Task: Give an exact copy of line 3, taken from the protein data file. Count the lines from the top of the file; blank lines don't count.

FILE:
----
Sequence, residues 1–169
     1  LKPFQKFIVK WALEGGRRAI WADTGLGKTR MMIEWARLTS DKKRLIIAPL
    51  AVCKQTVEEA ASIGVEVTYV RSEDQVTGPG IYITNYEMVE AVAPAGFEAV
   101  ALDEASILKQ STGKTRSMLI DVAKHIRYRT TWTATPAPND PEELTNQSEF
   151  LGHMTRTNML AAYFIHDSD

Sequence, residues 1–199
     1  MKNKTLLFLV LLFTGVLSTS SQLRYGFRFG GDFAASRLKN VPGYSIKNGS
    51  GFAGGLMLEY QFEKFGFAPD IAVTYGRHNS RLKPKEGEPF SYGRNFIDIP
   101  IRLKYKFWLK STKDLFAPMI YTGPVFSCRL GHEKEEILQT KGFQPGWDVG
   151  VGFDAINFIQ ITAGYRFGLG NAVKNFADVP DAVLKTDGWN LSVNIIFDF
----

    51  AVCKQTVEEA ASIGVEVTYV RSEDQVTGPG IYITNYEMVE AVAPAGFEAV